Immunogenetics

, Volume 51, Issue 4–5, pp 261–267 | Cite as

Founder effect for a 26-bp deletion in the RFXANK gene in North African major histocompatibility complex class II-deficient patients belonging to complementation group B

  • W. Wiszniewski
  • M. -C. Fondaneche
  • N. Lambert
  • K. Masternak
  • C. Picard
  • L. Notarangelo
  • K. Schwarz
  • J. Bal
  • W. Reith
  • C. Alcaide
  • G. de Saint Basile
  • A. Fischer
  • B. Lisowska-Grospierre

Abstract

 Expression of major histocompatibility complex (MHC) class II genes is controlled at the transcriptional level by at least four trans-acting genes, CIITA, RFXANK, RFX5, and RFXAP. Defects in these regulatory genes result in the absence of MHC class II molecule expression and, thereby, cause a combined immunodeficiency. MHC class II deficiency is inherited as an autosomal recessive trait. Since the first description of the disease, about 70 patients from 50 families have been reported. Forty-three of these families have been classified into four complementation groups: A, B, C, and D. In the largest group, B, the majority of patients are of North African origin. In two of these patients, the same mutation in the RFXANK gene (752delG-25) was identified. We performed a mutation analysis in 20 additional patients belonging to complementation group B and detected the 752delG-25 mutation in 17. All of these patients are of North African origin. A founder effect for this mutation was documented, since all tested patients, except one, display a common haplotype spanning the RFXANK locus.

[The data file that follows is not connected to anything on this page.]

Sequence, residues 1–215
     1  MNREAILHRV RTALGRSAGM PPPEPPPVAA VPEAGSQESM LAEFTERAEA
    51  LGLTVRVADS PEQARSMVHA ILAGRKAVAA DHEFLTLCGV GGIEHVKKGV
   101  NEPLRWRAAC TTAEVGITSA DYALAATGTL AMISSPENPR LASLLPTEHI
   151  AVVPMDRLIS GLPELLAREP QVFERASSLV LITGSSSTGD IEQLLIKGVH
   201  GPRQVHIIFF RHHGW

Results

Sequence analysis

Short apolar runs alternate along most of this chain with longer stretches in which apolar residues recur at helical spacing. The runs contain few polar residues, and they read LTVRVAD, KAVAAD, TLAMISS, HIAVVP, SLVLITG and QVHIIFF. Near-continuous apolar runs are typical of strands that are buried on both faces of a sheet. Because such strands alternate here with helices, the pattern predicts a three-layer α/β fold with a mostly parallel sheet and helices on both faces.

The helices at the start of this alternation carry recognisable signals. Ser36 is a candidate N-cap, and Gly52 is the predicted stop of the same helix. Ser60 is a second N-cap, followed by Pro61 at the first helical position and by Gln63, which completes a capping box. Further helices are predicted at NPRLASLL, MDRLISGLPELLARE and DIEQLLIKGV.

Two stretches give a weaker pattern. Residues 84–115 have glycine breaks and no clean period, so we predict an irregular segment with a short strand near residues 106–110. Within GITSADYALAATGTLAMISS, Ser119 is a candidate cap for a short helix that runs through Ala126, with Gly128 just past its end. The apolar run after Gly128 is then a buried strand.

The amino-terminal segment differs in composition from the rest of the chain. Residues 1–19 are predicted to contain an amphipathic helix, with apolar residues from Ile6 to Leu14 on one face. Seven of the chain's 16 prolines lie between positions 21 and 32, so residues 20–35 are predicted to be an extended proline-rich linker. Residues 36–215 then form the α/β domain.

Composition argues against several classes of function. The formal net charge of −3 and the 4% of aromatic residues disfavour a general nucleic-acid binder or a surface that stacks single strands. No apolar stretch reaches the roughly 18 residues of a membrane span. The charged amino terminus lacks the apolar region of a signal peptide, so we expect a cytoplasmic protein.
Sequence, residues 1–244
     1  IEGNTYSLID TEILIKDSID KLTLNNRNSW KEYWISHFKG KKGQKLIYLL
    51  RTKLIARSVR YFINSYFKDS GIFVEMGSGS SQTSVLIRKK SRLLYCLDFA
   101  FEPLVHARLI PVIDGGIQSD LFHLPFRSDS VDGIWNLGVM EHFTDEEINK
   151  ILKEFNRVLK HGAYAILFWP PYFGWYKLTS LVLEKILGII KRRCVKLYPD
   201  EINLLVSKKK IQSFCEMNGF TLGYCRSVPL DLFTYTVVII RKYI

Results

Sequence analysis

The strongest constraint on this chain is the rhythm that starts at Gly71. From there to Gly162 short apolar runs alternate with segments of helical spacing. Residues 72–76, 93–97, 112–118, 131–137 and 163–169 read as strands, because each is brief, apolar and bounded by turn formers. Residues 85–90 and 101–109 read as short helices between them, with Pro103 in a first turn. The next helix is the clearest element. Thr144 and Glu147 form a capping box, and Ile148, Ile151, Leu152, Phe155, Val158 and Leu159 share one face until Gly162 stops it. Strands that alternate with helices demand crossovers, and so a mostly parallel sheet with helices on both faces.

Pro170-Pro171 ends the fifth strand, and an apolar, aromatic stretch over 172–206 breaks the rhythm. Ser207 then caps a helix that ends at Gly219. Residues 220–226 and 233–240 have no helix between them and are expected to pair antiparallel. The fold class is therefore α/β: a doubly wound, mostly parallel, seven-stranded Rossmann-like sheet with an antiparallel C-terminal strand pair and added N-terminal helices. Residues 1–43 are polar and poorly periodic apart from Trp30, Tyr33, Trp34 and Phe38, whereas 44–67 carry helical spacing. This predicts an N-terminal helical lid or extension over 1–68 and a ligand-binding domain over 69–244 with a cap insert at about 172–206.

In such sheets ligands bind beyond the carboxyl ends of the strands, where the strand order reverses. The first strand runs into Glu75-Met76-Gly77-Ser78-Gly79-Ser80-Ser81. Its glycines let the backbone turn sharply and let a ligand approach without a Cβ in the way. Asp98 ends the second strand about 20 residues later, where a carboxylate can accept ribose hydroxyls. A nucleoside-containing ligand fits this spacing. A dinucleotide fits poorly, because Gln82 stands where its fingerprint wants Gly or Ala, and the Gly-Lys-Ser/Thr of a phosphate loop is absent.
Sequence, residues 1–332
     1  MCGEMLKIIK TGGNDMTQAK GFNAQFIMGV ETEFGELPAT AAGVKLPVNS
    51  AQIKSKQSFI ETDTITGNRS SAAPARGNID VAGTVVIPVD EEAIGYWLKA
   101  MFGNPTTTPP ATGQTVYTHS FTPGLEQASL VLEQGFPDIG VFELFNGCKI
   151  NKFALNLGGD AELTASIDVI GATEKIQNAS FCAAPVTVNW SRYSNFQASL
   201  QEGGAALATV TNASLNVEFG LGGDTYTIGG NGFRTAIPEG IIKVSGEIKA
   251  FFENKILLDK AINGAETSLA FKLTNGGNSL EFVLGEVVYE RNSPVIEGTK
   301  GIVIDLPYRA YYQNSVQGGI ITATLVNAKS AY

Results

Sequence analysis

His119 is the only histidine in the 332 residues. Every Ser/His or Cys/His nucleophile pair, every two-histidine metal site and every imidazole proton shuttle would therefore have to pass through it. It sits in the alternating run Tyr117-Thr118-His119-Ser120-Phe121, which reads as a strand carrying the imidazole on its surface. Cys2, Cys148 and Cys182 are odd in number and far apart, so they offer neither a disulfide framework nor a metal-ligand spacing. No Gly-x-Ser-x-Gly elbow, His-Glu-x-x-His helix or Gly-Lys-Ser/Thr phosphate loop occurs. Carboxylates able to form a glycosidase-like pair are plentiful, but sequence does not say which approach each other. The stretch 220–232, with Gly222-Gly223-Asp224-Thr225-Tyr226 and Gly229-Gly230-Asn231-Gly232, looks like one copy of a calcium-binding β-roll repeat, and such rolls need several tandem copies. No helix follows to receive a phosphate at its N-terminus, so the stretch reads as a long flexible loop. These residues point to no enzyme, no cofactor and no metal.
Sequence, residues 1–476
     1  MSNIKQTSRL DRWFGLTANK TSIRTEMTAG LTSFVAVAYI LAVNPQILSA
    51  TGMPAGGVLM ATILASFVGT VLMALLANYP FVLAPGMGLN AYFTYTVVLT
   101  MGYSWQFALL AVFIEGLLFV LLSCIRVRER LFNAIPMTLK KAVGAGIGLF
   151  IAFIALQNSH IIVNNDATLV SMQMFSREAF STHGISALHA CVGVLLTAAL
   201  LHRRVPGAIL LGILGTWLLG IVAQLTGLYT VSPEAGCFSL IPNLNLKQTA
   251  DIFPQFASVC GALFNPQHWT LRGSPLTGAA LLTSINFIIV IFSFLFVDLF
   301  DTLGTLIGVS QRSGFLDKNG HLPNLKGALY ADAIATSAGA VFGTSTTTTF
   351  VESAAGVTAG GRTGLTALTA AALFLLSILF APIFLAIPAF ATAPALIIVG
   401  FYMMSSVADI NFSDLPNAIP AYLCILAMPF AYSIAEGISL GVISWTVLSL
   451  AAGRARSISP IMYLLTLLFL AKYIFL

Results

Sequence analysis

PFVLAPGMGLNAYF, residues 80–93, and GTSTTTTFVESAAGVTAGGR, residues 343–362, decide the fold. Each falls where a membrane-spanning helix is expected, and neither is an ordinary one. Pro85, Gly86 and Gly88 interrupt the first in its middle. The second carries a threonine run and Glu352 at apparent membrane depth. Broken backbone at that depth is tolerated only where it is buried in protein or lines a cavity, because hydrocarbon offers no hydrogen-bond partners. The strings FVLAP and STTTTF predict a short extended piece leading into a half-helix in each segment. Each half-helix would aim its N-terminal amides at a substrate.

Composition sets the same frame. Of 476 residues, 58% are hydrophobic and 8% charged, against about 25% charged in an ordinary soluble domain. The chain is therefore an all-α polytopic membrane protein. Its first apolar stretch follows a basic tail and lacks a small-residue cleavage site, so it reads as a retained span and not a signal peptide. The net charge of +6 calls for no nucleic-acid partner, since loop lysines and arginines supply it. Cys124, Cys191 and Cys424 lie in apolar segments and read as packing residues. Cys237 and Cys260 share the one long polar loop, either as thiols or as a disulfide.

Key words MHC class II expression MHC class II deficiency Bare lymphocyte syndrome RFXANK gene mutations Founder effect 

Preview

Unable to display preview. Download preview PDF.

Unable to display preview. Download preview PDF.

Copyright information

© Springer-Verlag Berlin Heidelberg 2000

Authors and Affiliations

  • W. Wiszniewski
    • 1
  • M. -C. Fondaneche
    • 1
  • N. Lambert
    • 1
  • K. Masternak
    • 2
  • C. Picard
    • 1
  • L. Notarangelo
    • 3
  • K. Schwarz
    • 4
  • J. Bal
    • 5
  • W. Reith
    • 2
  • C. Alcaide
    • 6
  • G. de Saint Basile
    • 1
  • A. Fischer
    • 1
  • B. Lisowska-Grospierre
    • 1
  1. 1.INSERM U 429, Institut National de la Santé et de la Recherche Médicale, Hopital des Enfants Malades, 149 rue de Sèvres, 75743 Paris Cedex 15, France e-mail: grospier@necker.fr Tel.: +33-1-44495074 Fax: +33-1-42730640FR
  2. 2.Department of Genetics and Microbiology, University of Geneva Medical School, Geneva, SwitzerlandCH
  3. 3.Department of Pediatrics, University of Brescia, ItalyIT
  4. 4.Transfusion Medicine, University of Ulm, GermanyDE
  5. 5.Department of Medical Genetics, National Research Institute of Mother and Child, Warsaw, PolandPL
  6. 6.INSERM U396, Institut Biomedical des Cordeliers, Paris, FranceFR

Personalised recommendations